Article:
"And now what?" - András's reply is to sigh deeply. "I don't know. We used to have eight to ten thousand visitors a year." The Youth Union Foundation, which owns the water sports facility, used to offer cheap holidays for young people. They could hire rowing boats, kayaks and canoes, making the long journey downstream to Szeged.

"We are perhaps lucky compared to those downstream, as the Bodrog has remained healthy," added the young man. Once before in the past, the Bodrog recovered after a heavy spill of tannic acid during the 1970s from a Slovakian tannery. "I fear that people will not dare to come this summer," András concluded.

András ' fears are real. Besides fish, birds and mammals, millions of mollusks and snails once inhabited the river's silt. Once the water temperature begins to rise, their carcasses may begin to decay, and the resulting toxins could cause a further health hazard. However, much could happen between now and the summer season.

Ms Irén Nagy, president of the local fishermen's cooperative, is desperate. Dressed in black mourning attire and with impeccable make-up, this plumpish lady is ready for the commemoration this afternoon. The "Tisza Flower" (a species of may-fly indigenous to the river) Fishery Cooperative is made up of six fishermen, two administrative employees and Ms Nagy.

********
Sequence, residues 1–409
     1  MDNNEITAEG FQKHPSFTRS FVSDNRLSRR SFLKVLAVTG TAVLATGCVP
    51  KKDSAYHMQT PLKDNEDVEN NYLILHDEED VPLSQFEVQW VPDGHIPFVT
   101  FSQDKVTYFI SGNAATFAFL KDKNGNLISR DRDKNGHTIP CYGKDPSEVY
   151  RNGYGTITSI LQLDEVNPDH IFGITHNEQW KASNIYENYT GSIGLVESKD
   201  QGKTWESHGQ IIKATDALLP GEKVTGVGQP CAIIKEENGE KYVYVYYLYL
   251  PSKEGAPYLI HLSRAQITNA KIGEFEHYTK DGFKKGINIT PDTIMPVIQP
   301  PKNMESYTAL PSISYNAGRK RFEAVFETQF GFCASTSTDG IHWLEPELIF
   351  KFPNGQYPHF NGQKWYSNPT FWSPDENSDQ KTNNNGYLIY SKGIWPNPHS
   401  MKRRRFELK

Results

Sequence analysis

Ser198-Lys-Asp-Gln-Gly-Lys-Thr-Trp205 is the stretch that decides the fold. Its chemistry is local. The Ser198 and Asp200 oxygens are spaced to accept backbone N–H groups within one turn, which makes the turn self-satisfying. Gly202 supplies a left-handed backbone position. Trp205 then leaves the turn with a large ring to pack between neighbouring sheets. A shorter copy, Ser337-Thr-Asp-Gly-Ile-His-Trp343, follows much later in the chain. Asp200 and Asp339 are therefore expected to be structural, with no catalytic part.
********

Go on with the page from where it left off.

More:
They used to sell four to five and a half tons of fish annually in previous years. They lost that entire market in a week. Even though they now sell only live fish, their customers still refuse to accept their products. They fish in the waters of the Bodrog and in a local pond, but they can no longer offload their stock. Visitors to the Fisherman's Tavern, another source of income for the co-op, also refuse to order fish.

In the meantime, people have been stealing dead fish from the local dump, and astonished experts in Szeged have found fish skeletons stripped of flesh. No human deaths have been reported – so far.


The Queen Elizabeth Bridge, built at the confluence of the two rivers, is the little sister of the beautiful, elegant Elizabeth Bridge in Budapest - the Tisza is the blond, capricious, little sister of the huge and solemn blue Danube. The rivers run silently, swirling around the pillars. The current brings foam and here and there the white bodies of dead fish float in it.